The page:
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Protection of marine and coastal areas |19 July 2021

Protection of marine and coastal areas

Seychelles has increased the total coverage of its marine protected areas as the country has declared marine and coastal areas as protected, representing 26.4% of its EEZ (Photo: The Ocean Agency)

Seychelles surpasses commitments under sustainable development goals


Seychelles has made significant progress towards increasing the total coverage of its marine protected areas as the country has declared marine and coastal areas as protected, representing 26.4% of its exclusive economic zone.

This is according to the new marine protected areas outlook by UNEP-Nairobi Convention and the Western Indian Ocean (WIO) Marine Science Association.

The establishment of these marine protected areas, or MPAs, mean that Seychelles has exceeded its 10% protection of its exclusive economic zone (EEZ) by the 2020 commitment under Sustainable Development Goal (SDG) 14.5, and illustrates the country’s momentum as it prepares to achieve future targets under the post-2020 Global Biodiversity Framework.

The marine protected areas outlook, released on Friday July 16, indicates that these MPAs span a breadth of 353,663 square kilometres, and documents how they have increased the resilience of its crucial fisheries and tourism sectors and preserved the country’s natural beauty for the enjoyment and use by its citizens.

Moreover, they have created safe havens for more than 2,600 documented species, some of which are endangered.

Although the ocean provides us with resources essential for survival ‒ like food, employment, and even oxygen ‒ humanity is damaging and depleting it faster than ever. This continued degradation will compromise the ocean’s potential in supporting key sectors – including fisheries and tourism – critical for Seychelles socio-economic development.

Marine protected areas offer one of the best options to reverse these trends.  “A well-managed MPA can bring significant economic, social, and environmental benefits to a country,” said Allen Cedras, chief executive of the Seychelles National Parks Authority.

“They can increase food security by preventing the over-exploitation of fish stocks, create and protect jobs in the tourism and fisheries sectors, build resilience to climate change and protect species and habitats, just to name a few benefits.”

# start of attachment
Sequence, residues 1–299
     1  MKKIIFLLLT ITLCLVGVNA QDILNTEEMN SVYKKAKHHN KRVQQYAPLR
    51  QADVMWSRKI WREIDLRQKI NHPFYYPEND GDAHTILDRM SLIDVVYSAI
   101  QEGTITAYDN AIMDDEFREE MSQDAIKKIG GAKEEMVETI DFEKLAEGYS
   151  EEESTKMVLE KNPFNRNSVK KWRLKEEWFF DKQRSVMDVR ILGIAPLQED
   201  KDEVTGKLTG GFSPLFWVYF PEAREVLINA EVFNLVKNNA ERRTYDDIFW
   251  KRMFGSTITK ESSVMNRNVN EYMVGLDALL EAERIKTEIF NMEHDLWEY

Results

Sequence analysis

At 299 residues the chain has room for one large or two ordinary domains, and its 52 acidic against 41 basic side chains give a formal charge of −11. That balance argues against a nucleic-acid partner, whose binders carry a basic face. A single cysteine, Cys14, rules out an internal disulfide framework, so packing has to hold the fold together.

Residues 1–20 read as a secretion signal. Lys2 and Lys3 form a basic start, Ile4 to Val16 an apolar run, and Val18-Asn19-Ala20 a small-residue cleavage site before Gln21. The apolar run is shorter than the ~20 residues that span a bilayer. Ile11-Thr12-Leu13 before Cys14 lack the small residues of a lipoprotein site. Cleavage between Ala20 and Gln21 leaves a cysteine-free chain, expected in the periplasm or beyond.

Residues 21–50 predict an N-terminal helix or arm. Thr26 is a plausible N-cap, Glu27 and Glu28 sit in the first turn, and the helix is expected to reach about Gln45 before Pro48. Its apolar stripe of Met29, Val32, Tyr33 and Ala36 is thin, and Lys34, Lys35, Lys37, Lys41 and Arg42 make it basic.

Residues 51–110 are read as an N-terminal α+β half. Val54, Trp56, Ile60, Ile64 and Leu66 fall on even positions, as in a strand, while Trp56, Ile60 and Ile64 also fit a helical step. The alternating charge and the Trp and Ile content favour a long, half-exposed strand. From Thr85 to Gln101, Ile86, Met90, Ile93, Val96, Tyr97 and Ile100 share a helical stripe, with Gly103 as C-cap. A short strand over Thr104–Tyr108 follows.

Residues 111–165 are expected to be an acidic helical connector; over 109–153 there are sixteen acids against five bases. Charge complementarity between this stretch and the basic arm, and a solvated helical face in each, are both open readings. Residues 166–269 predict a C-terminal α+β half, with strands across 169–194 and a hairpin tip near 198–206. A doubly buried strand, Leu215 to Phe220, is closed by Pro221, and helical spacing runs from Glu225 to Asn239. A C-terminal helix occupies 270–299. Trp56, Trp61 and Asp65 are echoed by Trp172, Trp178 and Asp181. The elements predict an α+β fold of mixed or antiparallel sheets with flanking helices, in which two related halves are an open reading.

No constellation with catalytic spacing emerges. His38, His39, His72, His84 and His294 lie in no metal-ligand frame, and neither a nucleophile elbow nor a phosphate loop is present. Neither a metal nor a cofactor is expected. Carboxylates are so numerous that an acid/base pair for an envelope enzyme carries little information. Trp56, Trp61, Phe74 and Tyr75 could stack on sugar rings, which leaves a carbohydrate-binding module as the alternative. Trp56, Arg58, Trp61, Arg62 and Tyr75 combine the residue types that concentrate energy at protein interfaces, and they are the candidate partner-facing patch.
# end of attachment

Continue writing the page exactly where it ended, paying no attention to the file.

The Western Indian Ocean Marine Protected Areas Outlook: Towards achievement of the Global Biodiversity Framework targets examines the current and future status of MPAs at a regional level. It documents the progress made by nine countries in the WIO region in increasing MPA coverage, highlights best practices and challenges faced by governments in managing MPAs, and provides recommendations for how to make the impact of MPAs even greater.

Key recommendations from the outlook include the need for dedicated budgets for MPA management, adopting proactive law enforcement and compliance strategies to ensure MPA rules are being respected, incorporating research and monitoring programmes on biodiversity and ecosystems into decision-making in MPAs, and more.

“Seychelles has a lot of lessons to share about declaring and managing MPAs,” noted Nanette Laure, focal point of Seychelles to the Nairobi Convention. “We are also looking forward to learning from the region at large about their approaches to MPA management from the MPA Outlook.”

Although Seychelles has made significant strides in protecting its marine and coastal areas, there are several opportunities to build on this progress and ensure that people, the economy, and nature reap even more benefits from the country’s MPAs.

By seizing on the opportunities presented in the MPA Outlook, Seychelles and other countries in the region can capitalise on this momentum of expanding and improving MPA management ‒ thereby safeguarding the WIO’s immense natural beauty and resources for generations to come.

This Outlook was developed under the implementation of the strategic action programme for the protection of the Western Indian Ocean from land-based sources and activities project of the Nairobi Convention, funded by the Global Environment Facility.

The Nairobi Convention, signed by Comoros, France, Kenya, Madagascar, Mauritius, Mozambique, Seychelles, Somalia, South Africa, and Tanzania, aims to promote a prosperous Western Indian Ocean region with healthy rivers, coasts, and oceans. It provides a platform for governments, civil society, and the private sector to work together for the sustainable management and use of the marine and coastal environment.

The UN Environment Programme is the leading global voice on the environment. It provides leadership and encourages partnership in caring for the environment by inspiring, informing, and enabling nations and peoples to improve their quality of life without compromising that of future generations.

The Western Indian Ocean Marine Science Association is a non-profit, membership organisation dedicated to promoting the educational, scientific and technological development of all aspects of marine sciences throughout the Western Indian Ocean (WIO) region, with a view toward sustaining the use and conservation of its marine resources.








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